Tampa International Airport's expansion will include one of the first new office buildings in the Westshore area in a decade.
An unlikely landlord is poised to deliver new office space to Tampa's Westshore business district in the years to come: Tampa International Airport.
As part of its $2.6 billion master plan, Tampa International intends to add a new 270,000-square-foot office building that will compete with other Westshore buildings.
The proposed nine-story building also will be among the first new properties delivered in a decade if it debuts as expected in late 2020.
“Westshore is among the largest office markets in the state of Florida, with great demand and low vacancy, and yet there's been no new speculative construction to speak of since 2008,” says Randy Forister, the airport's director of commercial real estate.
Under current plans, the Hillsborough County Aviation Authority, which is being forced to relocate because of other construction, will occupy roughly 100,000 square feet of the new Gateway Development building.
In all, the $543 million second phase of the airport's master plan will include the development of the office space, a gas station and convenience store and a pair of hotels containing as many as 350 new rooms on 17 acres.
Airport officials hope to begin Phase II work sometime next year.
The Phase II work comes after the mid-February debut of expanded curbside passenger drop-offs and a 2.6 million-square-foot rental car facility. The Gateway Development offices will be constructed adjacent to the new rental car center, says airport spokesman Danny Valentine.
Five years ago, airport officials approved plans to enhance and expand the 3,300-acre airport property amid projections that passenger counts would double by 2031 to 14 million passengers annually.
Airport officials expect to select a developer for the $122 million office building from among a trio of finalists this fall. The finalists include Dallas-based Lincoln Property Co.; VanTrust Real Estate LLC, of Jacksonville; and BTV Aviation Developers, in Orlando.
The developer will be responsible for constructing the building and leasing the balance of the space to tenants. Forister says the chosen developer will determine the rental rates for the speculative space there.
At least initially, the aviation authority plans to lease floors two, three and four in the new building, Forister says.
The airport's push comes as Class A office vacancy rates in Westshore are at a decade-long low point, at roughly 5%, says Clay Witherspoon, a principal and managing director of commercial real estate brokerage firm Avison Young's Tampa office, in Westshore.
He notes that there are currently three new office projects proposed for the Westshore area -- including the airport's — that would, combined, add roughly 400,000 square feet of unleased space to the market.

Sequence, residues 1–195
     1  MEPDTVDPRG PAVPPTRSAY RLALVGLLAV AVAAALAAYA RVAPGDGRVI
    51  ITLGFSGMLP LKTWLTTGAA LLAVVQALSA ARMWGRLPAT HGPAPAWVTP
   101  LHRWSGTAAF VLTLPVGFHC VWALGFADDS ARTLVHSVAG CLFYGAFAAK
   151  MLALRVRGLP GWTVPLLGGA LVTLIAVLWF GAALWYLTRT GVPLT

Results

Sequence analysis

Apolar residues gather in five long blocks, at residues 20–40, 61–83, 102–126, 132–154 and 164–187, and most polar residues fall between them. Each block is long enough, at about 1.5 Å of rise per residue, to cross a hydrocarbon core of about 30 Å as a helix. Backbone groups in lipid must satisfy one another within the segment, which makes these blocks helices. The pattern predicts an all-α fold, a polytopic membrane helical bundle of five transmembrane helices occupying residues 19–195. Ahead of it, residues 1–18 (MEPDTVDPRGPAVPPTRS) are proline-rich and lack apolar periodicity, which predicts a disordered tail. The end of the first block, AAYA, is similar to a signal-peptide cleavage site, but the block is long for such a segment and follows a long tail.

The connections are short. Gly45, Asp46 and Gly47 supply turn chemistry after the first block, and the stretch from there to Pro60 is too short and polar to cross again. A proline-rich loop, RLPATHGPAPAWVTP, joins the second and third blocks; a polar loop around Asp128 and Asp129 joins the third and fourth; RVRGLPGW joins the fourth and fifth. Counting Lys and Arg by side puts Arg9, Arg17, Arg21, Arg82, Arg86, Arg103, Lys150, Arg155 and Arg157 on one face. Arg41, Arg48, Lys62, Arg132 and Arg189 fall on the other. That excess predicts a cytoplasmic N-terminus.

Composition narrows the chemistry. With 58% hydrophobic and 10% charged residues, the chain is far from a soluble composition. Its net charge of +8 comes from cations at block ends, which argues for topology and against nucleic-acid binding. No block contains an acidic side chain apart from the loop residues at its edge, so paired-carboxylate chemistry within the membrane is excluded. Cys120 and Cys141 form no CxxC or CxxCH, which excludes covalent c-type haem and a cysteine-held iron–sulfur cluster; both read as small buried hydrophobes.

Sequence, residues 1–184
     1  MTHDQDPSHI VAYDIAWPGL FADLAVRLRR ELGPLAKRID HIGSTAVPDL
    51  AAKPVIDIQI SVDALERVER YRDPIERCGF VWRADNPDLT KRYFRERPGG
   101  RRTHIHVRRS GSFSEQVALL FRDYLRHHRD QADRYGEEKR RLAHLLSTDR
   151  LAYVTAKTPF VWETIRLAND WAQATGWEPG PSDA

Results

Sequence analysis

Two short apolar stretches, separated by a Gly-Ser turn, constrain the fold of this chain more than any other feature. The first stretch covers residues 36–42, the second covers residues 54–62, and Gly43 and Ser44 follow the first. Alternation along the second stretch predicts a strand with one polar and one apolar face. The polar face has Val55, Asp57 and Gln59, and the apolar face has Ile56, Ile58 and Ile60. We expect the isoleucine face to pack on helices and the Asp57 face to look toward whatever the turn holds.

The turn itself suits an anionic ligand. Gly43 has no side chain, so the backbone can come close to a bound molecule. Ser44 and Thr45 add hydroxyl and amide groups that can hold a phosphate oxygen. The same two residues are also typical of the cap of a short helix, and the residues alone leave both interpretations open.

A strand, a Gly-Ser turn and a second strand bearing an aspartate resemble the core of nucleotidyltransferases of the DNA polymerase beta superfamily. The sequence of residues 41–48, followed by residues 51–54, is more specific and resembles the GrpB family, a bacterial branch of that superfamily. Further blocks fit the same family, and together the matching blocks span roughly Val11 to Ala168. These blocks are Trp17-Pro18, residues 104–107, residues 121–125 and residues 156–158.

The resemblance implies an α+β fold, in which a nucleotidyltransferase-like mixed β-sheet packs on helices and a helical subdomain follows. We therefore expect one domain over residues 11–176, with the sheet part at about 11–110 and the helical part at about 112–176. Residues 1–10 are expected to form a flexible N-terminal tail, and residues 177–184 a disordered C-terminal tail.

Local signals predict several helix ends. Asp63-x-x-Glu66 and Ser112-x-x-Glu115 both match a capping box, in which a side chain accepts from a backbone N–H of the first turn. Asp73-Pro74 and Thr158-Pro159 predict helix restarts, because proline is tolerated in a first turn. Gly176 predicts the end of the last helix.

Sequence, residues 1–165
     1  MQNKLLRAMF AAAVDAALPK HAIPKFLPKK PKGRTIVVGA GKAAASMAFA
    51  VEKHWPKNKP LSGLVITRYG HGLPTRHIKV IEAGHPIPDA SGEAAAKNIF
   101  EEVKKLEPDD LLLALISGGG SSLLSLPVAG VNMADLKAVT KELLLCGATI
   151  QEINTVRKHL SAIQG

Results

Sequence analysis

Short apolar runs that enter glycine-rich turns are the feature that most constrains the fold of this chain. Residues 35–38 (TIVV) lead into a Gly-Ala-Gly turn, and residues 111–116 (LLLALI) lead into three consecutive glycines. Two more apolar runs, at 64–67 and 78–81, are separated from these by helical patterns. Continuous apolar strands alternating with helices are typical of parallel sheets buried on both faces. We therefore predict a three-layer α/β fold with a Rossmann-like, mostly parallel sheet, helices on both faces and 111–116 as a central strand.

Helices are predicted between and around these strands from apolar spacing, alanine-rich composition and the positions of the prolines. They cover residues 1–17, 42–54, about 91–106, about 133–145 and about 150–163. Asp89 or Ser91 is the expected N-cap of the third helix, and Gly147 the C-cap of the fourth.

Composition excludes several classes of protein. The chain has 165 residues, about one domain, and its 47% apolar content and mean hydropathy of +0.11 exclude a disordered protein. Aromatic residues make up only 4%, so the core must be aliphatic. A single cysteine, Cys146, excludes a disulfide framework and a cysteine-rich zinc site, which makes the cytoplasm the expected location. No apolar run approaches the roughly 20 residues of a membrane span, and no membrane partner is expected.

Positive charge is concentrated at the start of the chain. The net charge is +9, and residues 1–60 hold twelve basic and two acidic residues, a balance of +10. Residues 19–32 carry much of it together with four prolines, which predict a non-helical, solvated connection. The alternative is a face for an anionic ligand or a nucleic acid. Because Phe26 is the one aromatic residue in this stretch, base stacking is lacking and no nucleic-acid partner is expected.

But demand has exceeded supply for at least the past year.
In the final quarter of 2017 alone, Witherspoon says, the Westshore market absorbed 200,000 square feet of new leases, according to Avison Young research.
“New space has been long needed and the market has consistently been performing well,” Witherspoon says. “Even with three new projects coming out of the ground Westshore would be nowhere near the point of overbuilding, and it should be noted that each of the three has a substantial pre-leasing component or a major tenant already in place.”
The airport has hired engineering and consulting firm Stantec to do site development work and utility infrastructure for the new building, and design a connected atrium and pedestrian bridge from the building.
The company also has been tapped to provide more than $42 million worth of tenant improvement work for the aviation authority's proposed space in the Gateway Development.
Although that cost, at $425 per square foot, is more than double that of most Class A office interior expenses, Valentine and Forister say the space will contain unique technology required to run airport systems.
“It's not just office space; it'll contain our airport operations center, our network center, it'll serve to connect all of our systems,” Forister says. “We have to have the capability to essentially run the airport from that space, so there's a lot of technology and infrastructure that has to go into it.”
In addition to the tenant improvement costs, airport officials are setting aside roughly $55 million for site development and to cover the costs of building the atrium and pedestrian bridge.
Ultimately, Valentine and Forister say the aviation authority would like to purchase the building to accommodate future growth.
“We plan to be a long-term holder,” Forister says. “The plan is as the authority grows, we'd grow in the building.”
But until then, he believes the space could be highly sought after by third-party tenants who value easy access to Tampa International's terminal.
“From this new building, you'll be able to walk on a connected pedestrian bridge to a train that would take you directly to the terminal,” Forister says. “No one else can provide that. So the connectivity to the future airport will be very unique.”